Transport for London in mass cull of legal group

Legal function cut by half; Eversheds brought in as external advisers to fill the gap

Transport for London (TfL) is slashing its legal department by nearly 50 per cent, making up to 40 lawyers and staff redundant.

TfL, which is responsible for all of the capital’s transport needs, including London Underground, London Buses and the Congestion Charge, currently employs 70 lawyers and staff in the group.

However, following a wholesale review of TfL’s legal function by the government agency’s general counsel Fiona Smith, who replaced Gareth Davies in the role in autumn 2003, the department will be reorganised.

As first revealed on (30 July), Eversheds has been appointed as legal adviser to TfL and will handle the bulk of the work that was undertaken by the lawyers who are being made redundant.

The law firm has not previously had a relationship with TfL and competed against a number of firms to secure a mandate to advise the government agency on commercial, litigation and property work.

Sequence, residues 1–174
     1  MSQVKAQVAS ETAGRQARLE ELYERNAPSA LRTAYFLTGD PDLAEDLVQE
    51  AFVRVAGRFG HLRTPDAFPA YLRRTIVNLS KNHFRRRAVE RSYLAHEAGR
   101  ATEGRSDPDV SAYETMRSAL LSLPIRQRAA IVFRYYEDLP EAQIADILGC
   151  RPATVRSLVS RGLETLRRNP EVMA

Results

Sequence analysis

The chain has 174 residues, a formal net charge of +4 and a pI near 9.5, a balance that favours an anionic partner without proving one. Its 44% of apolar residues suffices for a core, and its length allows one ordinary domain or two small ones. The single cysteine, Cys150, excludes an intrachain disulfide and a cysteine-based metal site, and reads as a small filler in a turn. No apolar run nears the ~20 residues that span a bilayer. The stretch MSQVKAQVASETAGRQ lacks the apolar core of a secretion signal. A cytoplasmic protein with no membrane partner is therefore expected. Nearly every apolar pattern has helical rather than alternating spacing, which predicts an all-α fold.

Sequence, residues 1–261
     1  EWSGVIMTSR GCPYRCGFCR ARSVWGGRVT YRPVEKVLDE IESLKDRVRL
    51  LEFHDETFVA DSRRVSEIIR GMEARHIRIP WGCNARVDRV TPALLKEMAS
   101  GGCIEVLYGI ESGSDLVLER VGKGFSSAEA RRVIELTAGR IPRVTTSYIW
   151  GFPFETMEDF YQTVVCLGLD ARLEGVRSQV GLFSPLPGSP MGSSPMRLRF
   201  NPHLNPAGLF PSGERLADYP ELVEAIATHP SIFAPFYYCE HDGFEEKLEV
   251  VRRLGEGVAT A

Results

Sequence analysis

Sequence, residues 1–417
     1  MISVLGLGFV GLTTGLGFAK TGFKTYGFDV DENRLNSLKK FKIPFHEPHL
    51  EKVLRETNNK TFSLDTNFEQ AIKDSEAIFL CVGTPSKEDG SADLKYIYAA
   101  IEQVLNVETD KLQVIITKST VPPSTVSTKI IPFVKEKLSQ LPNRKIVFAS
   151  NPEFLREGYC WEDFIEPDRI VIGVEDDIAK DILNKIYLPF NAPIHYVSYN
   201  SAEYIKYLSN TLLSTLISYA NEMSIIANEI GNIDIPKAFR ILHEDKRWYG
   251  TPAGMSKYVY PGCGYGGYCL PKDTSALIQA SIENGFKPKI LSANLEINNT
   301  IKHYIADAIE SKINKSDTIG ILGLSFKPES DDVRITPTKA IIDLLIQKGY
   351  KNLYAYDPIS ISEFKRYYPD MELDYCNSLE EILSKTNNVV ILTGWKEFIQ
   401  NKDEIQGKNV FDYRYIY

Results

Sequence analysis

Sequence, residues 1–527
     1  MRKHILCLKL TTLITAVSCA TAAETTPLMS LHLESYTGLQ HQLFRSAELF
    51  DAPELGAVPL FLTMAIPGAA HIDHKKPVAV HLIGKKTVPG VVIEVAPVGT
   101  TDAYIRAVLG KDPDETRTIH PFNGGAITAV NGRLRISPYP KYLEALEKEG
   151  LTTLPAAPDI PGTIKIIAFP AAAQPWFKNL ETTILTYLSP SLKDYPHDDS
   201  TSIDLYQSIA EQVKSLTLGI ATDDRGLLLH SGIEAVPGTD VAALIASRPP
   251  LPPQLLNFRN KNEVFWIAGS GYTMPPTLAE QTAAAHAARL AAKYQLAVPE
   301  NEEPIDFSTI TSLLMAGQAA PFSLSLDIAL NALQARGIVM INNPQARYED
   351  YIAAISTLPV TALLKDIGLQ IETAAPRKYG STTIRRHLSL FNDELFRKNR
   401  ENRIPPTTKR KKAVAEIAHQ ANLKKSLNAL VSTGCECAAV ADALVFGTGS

Talking exclusively to The Lawyer, Smith said by outsourcing high-volume work to Eversheds, TfL’s in-house lawyers will be able to dedicate more time to the delivery of complex projects, such as the Thames Gateway Bridge and the extension of the Congestion Charge to Kensington.

She said: “[Appointing Eversheds] gives us flexibility to decide how much work should be outsourced and to build up our own skills. What we’re doing is in line with other large organisations.”

However, she added that TfL is also exploring the possibility of hiring lawyers with specific skills in handling big-ticket work and who will be able to work more effectively with external advisers.

Smith admitted that the tender process was driven by a desire to slash costs, but concluded: “I don’t like talking about cost saving per se – what we want is a legal team that will save money for TfL and add value.”